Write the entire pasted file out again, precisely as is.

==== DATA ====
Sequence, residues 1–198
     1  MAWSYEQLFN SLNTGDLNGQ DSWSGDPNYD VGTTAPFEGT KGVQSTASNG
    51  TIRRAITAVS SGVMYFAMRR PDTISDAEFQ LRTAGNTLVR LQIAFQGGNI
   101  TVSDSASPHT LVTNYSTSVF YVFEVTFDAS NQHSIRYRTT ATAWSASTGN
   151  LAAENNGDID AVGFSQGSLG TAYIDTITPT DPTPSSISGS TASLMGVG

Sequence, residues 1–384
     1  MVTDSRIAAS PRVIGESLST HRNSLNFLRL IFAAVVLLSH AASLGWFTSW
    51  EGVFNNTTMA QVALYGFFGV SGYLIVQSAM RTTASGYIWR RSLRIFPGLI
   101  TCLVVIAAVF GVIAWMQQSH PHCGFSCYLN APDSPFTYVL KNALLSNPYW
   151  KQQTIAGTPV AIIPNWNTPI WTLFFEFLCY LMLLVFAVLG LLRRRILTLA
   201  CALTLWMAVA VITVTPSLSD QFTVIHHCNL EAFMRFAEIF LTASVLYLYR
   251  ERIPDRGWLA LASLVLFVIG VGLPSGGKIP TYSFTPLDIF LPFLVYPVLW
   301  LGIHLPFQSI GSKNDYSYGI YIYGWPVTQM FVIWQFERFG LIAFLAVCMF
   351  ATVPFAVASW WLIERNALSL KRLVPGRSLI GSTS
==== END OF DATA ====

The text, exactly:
Sequence, residues 1–198
     1  MAWSYEQLFN SLNTGDLNGQ DSWSGDPNYD VGTTAPFEGT KGVQSTASNG
    51  TIRRAITAVS SGVMYFAMRR PDTISDAEFQ LRTAGNTLVR LQIAFQGGNI
   101  TVSDSASPHT LVTNYSTSVF YVFEVTFDAS NQHSIRYRTT ATAWSASTGN
   151  LAAENNGDID AVGFSQGSLG TAYIDTITPT DPTPSSISGS TASLMGVG

Sequence, residues 1–384
     1  MVTDSRIAAS PRVIGESLST HRNSLNFLRL IFAAVVLLSH AASLGWFTSW
    51  EGVFNNTTMA QVALYGFFGV SGYLIVQSAM RTTASGYIWR RSLRIFPGLI
   101  TCLVVIAAVF GVIAWMQQSH PHCGFSCYLN APDSPFTYVL KNALLSNPYW
   151  KQQTIAGTPV AIIPNWNTPI WTLFFEFLCY LMLLVFAVLG LLRRRILTLA
   201  CALTLWMAVA VITVTPSLSD QFTVIHHCNL EAFMRFAEIF LTASVLYLYR
   251  ERIPDRGWLA LASLVLFVIG VGLPSGGKIP TYSFTPLDIF LPFLVYPVLW
   301  LGIHLPFQSI GSKNDYSYGI YIYGWPVTQM FVIWQFERFG LIAFLAVCMF
   351  ATVPFAVASW WLIERNALSL KRLVPGRSLI GSTS